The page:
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Tips to Help You Prepare for a Successful Portrait Session

One of my favorite types of photo shoots is families with kids. It’s fun to spend an hour talking and laughing with people while taking photos. I enjoy being a small part of creating images that will preserve their precious memories for the rest of their lives. But these types of sessions don’t always work out as you might like, and even when you think you have all your ducks in a row something might pop up at the last minute that sends everything into a tail spin. Fortunately, with a bit of planning and preparation you can put a few things in place that will help your portrait sessions be freeing, fulfilling, and fun for everyone involved.


Set Expectations

Whether you are taking photos of friends, family, clients, or even your own kids, one of the most important things you can do is make sure you are going to deliver what they want. Your subjects will have their own preconceived notions of what types of pictures they are looking for, and they might not always be the same as what you have in mind. If you can make sure everyone is on the same page before you even take out your camera, the entire process from posing, to shooting, to editing, will be much, much smoother.

Whether you know your subjects or not, it’s important to make sure they are familiar with, and approve of, your own picture style and portrait process. Showing your subjects some of your existing work is a good way to give them an idea of your style and help them see if you would be a good fit. This can be as simple as sending them some sample photos by email, directing them to an online portfolio, or sitting down and having a conversation about the type of photo shoot they are wanting.

Every photographer has a unique approach to his or her craft, and interacts with people in their own way. Do you take classic headshot portraits or do you like to experiment with various poses? Do you let subjects, especially kids, run around and play or do you like to control every element of the photo shoot? Do you shoot outdoors, in a studio, or a mix of both? Will they be able to share the photos online with a watermark, or do you require them to order physical prints? This might seem a bit too nitty-gritty, but dealing with these issues up front will save you a lot of hassle and headaches down the line.


Not all photographers have their own website, but if you do you can include information such as the types of sessions you normally do, how much you charge, where you are willing to travel, etc. This information is good to know, but it often takes a little more to see if you are really the right person for your subjects. Think of the last time you went to a restaurant: did you just order right from the menu, or did you ask your waiter some questions about the food before deciding what you want? To address this, it’s good to have some sort of dialog with your subjects before you take a single photo. You can encourage people to contact you via email or a form on your website, send you a text or tweet, or post questions on a public Facebook page. It might seem like a lot of work to go through all this, but the more you work to set proper expectations for your subjects, the smoother the entire process will go.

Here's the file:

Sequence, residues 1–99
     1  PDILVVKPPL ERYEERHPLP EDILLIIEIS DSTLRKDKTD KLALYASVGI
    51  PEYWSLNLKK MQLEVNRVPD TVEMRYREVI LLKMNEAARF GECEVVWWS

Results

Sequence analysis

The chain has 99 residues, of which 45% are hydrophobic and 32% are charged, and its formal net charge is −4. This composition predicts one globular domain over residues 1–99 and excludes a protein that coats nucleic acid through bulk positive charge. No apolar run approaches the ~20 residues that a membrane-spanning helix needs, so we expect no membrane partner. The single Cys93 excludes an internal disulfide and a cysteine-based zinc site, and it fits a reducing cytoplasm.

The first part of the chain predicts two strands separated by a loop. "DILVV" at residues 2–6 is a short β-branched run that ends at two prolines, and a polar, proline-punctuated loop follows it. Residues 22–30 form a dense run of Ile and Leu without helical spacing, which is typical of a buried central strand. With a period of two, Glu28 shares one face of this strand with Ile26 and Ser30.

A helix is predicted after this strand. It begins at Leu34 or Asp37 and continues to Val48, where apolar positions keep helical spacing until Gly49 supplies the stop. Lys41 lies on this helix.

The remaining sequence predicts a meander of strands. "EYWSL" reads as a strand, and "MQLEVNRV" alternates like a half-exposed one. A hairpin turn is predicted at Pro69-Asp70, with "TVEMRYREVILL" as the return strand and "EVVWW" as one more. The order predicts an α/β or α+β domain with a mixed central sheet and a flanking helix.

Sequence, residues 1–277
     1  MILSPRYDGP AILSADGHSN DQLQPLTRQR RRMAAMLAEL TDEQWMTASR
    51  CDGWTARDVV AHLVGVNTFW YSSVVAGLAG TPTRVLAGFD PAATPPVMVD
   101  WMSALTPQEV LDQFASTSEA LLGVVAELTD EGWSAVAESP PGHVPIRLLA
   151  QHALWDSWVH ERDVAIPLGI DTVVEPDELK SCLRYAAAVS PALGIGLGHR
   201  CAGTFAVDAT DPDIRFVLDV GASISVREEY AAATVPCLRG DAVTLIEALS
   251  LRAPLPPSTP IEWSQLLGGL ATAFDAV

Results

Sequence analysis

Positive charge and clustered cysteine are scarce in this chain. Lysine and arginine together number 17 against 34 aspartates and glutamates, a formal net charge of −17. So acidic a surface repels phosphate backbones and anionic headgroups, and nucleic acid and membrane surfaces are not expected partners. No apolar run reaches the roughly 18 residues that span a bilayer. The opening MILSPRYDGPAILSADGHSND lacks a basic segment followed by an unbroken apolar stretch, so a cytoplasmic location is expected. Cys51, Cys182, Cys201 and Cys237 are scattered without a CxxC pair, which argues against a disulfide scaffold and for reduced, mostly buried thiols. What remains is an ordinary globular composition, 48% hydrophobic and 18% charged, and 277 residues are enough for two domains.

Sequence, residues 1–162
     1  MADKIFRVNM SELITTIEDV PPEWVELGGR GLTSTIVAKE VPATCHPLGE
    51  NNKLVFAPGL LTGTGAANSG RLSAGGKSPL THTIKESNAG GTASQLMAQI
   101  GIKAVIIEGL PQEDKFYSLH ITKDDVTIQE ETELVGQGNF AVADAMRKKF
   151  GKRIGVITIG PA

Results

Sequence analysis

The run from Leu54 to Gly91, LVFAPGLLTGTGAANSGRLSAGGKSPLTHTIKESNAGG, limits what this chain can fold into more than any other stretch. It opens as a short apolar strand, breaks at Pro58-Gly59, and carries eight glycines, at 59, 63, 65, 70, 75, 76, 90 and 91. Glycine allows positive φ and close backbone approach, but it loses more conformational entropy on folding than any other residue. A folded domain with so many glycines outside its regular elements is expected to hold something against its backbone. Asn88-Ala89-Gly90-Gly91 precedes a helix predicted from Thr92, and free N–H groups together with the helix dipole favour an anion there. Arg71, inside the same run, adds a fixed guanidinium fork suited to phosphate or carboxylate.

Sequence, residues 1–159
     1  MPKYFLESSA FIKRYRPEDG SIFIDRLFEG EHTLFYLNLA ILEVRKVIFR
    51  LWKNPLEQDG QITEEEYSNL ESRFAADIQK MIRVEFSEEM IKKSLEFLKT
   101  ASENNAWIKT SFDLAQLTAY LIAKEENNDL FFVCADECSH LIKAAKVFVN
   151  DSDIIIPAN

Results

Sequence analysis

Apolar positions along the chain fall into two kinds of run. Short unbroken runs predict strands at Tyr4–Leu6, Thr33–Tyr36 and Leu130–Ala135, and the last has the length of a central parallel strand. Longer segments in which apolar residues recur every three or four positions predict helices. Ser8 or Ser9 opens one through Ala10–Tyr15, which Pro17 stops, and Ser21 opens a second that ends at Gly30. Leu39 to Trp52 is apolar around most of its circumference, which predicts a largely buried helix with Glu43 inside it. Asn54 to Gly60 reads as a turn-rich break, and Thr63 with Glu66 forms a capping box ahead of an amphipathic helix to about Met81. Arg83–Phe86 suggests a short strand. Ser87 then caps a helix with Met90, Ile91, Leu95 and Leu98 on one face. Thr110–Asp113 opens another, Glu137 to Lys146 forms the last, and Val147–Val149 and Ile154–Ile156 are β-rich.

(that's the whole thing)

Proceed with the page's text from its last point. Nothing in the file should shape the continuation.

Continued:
One of the best ways to safeguard yourself against liability in case your subjects are unhappy, is to use a contract. This is especially important if you plan on charging money, and critical if you are doing something big like a wedding or bar mitzvah. If people are paying big bucks for your services, it’s essential that everyone is on the same page upfront. Without a formal contract wherein all parties involved agree on the services to be provided, things can devolve into he-said-she-said after your clients get the photos. Don’t think of this as a punitive measure, though – approach the contract as an opportunity for both you and your clients to help safeguard against miscommunication and make sure what you are going to provide aligns with what they want.


Scout the Location

If you shoot indoors, this step is obviously not all that important. But if you plan on taking pictures outdoors it is critical that you know the area first. Just because you drove past a nice park or a friend told you about a rustic barn, doesn’t mean these places will be good locations for photo shoots. Go to the locations in person, get out of your vehicle, and walk around to see what things are like. If at all possible, do this at the same time of day you plan on taking pictures to make sure the light is similar, and ask yourself questions such as: